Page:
OK. I was wrong. I thought that the Israeli assault on the Turkish flotilla would have sunk the vote on sanctions against Iran. It did not. Whether these sanctions work or not, and I don’t believe that they will achieve the desired result, is not really the question. Israel is now more isolated than ever, as is Iran. The vote against the resolution by Turkey and Brazil was more about regional muscle-flexing and desire to play a larger role in their regions and the world, than their understandable anger over the snub of their nuclear fuel swap agreement with Iran – which is not entirely dead depending on the next move by the US.
Turkey has faced the fact that the opposition by France, Germany and Austria to EU membership has killed the prospect regardless of previous commitments by Brussels to move forward. It has now turned to its old domains in the east and south to increase and solidify Turkish influence and power and it is succeeding.
Ankara may have genuinely believed in the uranium swap deal; but, regardless of the outcome, it has placed itself solidly in the regional power column, independent of the US while still remaining within NATO. Turkey principal competition is Iran. They are not allies and the Iranian brand of Islamic rule is not palatable in Turkey. The attack on the Turkish flotilla has elevated Turkey’s standing in the region as the pre-eminent political power. By voting “no” in the UN against sanctions and joining with Brazil in a nuclear fuel swap deal, its political capital in the Middle East leaped multiple levels. All these events come at Iran’s expense and make Turkey a leader in the region, wielding political and military clout that cannot be safely ignored. Even Russia knows this and has been careful to rapidly build closer economic ties to Turkey. Although Turkey is heavily dependent on Russia for energy, Moscow knows that Turkey can create serious problems for it in the Caucuses and less so in Central Asia.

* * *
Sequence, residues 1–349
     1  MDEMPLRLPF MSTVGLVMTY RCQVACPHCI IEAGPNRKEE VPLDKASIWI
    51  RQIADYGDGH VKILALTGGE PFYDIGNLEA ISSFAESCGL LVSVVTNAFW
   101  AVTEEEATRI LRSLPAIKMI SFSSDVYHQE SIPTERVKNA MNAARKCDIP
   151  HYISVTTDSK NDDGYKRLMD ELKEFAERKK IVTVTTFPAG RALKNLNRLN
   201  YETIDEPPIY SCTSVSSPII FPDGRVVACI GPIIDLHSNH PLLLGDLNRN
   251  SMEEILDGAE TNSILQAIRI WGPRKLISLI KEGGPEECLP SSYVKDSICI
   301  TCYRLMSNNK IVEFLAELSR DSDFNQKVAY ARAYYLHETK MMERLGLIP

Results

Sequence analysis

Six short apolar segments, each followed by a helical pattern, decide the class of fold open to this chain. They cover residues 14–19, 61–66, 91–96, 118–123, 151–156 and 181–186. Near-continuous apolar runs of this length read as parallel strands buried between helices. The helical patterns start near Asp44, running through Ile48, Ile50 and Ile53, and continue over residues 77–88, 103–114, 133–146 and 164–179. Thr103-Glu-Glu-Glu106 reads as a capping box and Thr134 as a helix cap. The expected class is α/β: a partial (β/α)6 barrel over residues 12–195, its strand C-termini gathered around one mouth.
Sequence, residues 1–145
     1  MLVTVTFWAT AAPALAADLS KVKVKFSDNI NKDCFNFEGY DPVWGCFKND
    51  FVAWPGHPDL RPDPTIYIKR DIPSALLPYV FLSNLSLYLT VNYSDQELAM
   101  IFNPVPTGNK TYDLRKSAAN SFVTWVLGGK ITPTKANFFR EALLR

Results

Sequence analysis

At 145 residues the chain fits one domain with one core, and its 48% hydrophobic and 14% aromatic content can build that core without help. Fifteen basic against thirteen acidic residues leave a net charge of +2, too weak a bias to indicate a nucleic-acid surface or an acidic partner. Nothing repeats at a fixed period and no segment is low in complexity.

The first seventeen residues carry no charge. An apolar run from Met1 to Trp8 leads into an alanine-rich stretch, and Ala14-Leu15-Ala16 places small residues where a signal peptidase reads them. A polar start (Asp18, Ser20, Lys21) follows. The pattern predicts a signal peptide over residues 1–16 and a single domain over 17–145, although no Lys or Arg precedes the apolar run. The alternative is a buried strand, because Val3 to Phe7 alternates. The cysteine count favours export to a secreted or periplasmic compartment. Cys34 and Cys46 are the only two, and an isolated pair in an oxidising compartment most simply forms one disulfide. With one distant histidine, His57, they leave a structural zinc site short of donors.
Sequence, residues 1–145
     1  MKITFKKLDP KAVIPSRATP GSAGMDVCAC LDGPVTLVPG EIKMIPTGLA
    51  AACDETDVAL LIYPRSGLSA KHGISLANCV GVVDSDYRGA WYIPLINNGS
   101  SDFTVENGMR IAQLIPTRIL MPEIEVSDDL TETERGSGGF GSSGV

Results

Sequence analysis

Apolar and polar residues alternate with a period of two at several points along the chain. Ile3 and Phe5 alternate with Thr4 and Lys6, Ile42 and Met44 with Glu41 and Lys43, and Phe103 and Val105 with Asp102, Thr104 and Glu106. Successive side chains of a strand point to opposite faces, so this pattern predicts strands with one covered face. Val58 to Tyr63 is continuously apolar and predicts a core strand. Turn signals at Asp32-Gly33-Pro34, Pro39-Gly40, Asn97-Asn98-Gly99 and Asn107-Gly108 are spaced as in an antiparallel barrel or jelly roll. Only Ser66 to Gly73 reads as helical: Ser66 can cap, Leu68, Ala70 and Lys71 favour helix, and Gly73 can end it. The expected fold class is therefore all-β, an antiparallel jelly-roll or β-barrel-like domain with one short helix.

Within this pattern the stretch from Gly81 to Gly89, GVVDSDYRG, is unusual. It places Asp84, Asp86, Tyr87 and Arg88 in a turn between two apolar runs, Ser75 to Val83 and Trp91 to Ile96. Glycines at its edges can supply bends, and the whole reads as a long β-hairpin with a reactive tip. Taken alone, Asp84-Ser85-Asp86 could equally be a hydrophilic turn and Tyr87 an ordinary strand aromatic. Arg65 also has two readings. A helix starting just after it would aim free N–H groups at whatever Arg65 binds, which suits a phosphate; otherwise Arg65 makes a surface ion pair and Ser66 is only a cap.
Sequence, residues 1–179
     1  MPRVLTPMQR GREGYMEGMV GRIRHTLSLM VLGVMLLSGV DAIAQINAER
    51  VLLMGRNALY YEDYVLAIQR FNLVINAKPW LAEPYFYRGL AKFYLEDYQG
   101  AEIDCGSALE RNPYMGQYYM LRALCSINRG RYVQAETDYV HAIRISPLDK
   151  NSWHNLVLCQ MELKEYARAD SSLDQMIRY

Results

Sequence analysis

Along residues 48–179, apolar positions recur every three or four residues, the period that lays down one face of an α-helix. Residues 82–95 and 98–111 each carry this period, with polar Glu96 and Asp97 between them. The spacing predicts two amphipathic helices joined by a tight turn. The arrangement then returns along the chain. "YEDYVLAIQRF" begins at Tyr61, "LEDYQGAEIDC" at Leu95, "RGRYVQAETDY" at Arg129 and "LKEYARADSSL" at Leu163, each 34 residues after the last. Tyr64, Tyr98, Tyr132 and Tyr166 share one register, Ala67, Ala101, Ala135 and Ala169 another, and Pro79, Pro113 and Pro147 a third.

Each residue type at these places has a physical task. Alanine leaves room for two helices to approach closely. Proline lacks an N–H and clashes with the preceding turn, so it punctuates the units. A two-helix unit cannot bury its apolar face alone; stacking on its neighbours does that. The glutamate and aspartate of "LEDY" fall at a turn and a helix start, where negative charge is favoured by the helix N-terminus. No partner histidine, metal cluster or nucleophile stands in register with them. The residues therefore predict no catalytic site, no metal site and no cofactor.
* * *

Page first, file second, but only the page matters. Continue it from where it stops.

Brazil, meanwhile, is rapidly asserting its independence and strength in South America and has shown that it can be a player of international scope. Brasilia has increased its trade relationships with China, Russia, West Africa and the Middle East, especially now Turkey. Clearly the leading political and economic power in South America (despite the pretensions of the Chavez regime), it is in a position to require the US to pay attention to its views. Joining with Turkey in the nuclear fuel swap agreement puts Brazil on the map outside of its region.
Russian agreement on the new sanctions also reflects an awareness that it will need to be more sensitive to a multi-polar world. Although it clearly may indulge in more aggressive behaviour in the Caucuses, any such further adventure will come at a steep price as it tries to build ties with Turkey. Turkey is in a position to make life easier for Russia in the Caucuses and may ultimately be instrumental in resolving the long-running confrontation between Yerevan and Baku. By asserting its independence from the US when its interests conflict with those of Washington, Turkey is leveraging its regional strength and becoming a trusted broker.
All the recent events are pointing toward a new balance of power where regional interests can trump traditional alliances. The US can no longer rely on Turkey or Brazil to tow any particular line if their national interests would be adversely affected. For that matter, neither can Russia or the EU. Each must deal with the regional powers in a different way. The now famous BRIC bloc is not really accurate. Drop the R and add a T. Welcome to the new world.